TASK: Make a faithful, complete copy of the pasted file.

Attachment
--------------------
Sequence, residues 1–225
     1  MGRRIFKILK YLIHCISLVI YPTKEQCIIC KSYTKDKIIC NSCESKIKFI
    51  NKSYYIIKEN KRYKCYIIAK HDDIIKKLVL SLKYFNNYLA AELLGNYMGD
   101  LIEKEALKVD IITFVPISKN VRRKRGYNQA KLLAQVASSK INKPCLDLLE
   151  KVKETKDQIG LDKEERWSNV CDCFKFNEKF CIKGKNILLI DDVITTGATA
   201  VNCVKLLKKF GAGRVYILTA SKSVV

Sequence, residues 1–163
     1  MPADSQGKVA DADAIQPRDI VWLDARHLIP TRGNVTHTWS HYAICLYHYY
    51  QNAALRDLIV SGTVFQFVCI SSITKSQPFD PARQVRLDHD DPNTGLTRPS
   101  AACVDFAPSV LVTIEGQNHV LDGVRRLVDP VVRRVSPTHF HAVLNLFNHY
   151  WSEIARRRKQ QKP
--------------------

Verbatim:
Sequence, residues 1–225
     1  MGRRIFKILK YLIHCISLVI YPTKEQCIIC KSYTKDKIIC NSCESKIKFI
    51  NKSYYIIKEN KRYKCYIIAK HDDIIKKLVL SLKYFNNYLA AELLGNYMGD
   101  LIEKEALKVD IITFVPISKN VRRKRGYNQA KLLAQVASSK INKPCLDLLE
   151  KVKETKDQIG LDKEERWSNV CDCFKFNEKF CIKGKNILLI DDVITTGATA
   201  VNCVKLLKKF GAGRVYILTA SKSVV

Sequence, residues 1–163
     1  MPADSQGKVA DADAIQPRDI VWLDARHLIP TRGNVTHTWS HYAICLYHYY
    51  QNAALRDLIV SGTVFQFVCI SSITKSQPFD PARQVRLDHD DPNTGLTRPS
   101  AACVDFAPSV LVTIEGQNHV LDGVRRLVDP VVRRVSPTHF HAVLNLFNHY
   151  WSEIARRRKQ QKP